As UK’s notoriously perennially bipolar weather went from sunny to rainy back to sunny, I happened to come across a religious parade/procession right outside:

 

 

Across the street to the east and through a small alleyway lies St Mary’s Church, Manchester’s oldest Catholic church and built in 1794.

 

 

I then kept walking along Princess Street and passed by Manchester City Council:

 

 

Next to the city council is the Manchester Central Library:

 

 

Manchester Chinatown, the new center of Manchester’s changing and evolving youth culture, which is right down a few streets:

 

 

And The Village (aka Gay Village) is embedded within this neighborhood along Canal Street:

 

 

And from the Alan Turing Memorial in a quiet park across the bridge, I walked along the canal back west.

 

 

After a nice 15 minute walk, I reached Castlefield, a relaxed neighborhood of public esplanades, canals, casual waterfront bars and green spaces.

 

 

And the best part was that this whole walking tour took about 2-3 hours at a turtle pace. 

At around 2pm I decided to get back on the train here towards the airport o catch my onward 5:35pm Flybe flight out to the Isle Of Man.

 

 

- At time of posting in Manchester, UK, it was 16 °C - Humidity: 61% | Wind Speed: 11km/hr | Cloud Cover: manic depressive: sunny, cloudy, sunny, and rainy

 

Raising The Barbados

Raising The Barbados

 

Like many of my trips before, a day in Barbados wasn’t really planned to happen. But things that happen are meant to happen right? I dare say this one was from the old habit of having 2 consecutive days off and wondering: Where’s the next place I can go next?

Well, after considering my options with Barbados being one of them (especially with the flights costing about $300 round trip), I pondered that with the weather warming up back home in NYC I could save such a warm destination for winter weekend getaway instead.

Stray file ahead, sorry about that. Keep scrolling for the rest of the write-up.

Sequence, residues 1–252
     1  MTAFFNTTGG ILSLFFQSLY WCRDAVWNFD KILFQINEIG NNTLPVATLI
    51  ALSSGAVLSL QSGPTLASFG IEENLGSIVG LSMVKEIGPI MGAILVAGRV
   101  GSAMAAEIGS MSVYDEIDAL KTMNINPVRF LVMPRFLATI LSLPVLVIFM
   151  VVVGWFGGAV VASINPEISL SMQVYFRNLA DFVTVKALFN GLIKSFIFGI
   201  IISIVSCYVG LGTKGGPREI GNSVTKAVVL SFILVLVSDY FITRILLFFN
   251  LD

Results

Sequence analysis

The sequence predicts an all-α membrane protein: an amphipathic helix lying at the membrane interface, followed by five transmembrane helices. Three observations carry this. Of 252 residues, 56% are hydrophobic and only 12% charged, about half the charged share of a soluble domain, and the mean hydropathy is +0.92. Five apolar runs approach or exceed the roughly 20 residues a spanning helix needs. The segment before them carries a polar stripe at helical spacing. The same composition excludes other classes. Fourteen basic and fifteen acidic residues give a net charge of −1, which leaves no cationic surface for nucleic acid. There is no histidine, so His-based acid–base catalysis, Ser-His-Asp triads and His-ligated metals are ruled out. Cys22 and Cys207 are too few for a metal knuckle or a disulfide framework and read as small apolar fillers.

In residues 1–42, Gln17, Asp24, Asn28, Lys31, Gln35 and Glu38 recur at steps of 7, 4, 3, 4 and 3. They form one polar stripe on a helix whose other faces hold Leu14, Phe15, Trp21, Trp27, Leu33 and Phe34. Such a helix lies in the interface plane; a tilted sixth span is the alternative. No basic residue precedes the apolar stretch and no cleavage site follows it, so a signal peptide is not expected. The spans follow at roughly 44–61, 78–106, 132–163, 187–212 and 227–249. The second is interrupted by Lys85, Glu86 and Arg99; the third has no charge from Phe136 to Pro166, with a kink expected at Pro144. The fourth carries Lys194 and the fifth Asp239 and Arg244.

But then Evan Danek, who had just joined me for my last 3 trips to Prague, Budapest, and Pakistan, jumped at the offer (while it was still in its early brainstorming stages!) and bought his tickets without much of a discussion. And who was I to give an excuse and flake on him? Never done that in the past and I don’t intend to do it now.

And so 4 days ago I bought mine and found myself on my way for a 36 hour trip to Barbados.

Taking the 2:00pm American Airlines flight to Miami, I caught a connecting 6:24pm onward flight to Bridgetown, Barbados, landing at BGI airport at 9:56pm.

 

 

After passport stamping, I was picked up outside by the hotel’s complimentary car service for my first night’s lodgings at Coconut Court Beach Resort. I had picked there only because Evan used his Marriott points for a free night stay across the street at the Courtyard by Marriott the next evening.

So I turned in at 11pm while Evan arrived the next morning on the 11pm-5am direct JetBlue flight from NYC. After he waited another hour for me to wake up, we rendezvous’ed at my hotel at 8am to begin our trip.

If you’re new to Barbados, a great starting point would be at the Charles Fort in the Historic Garrison area: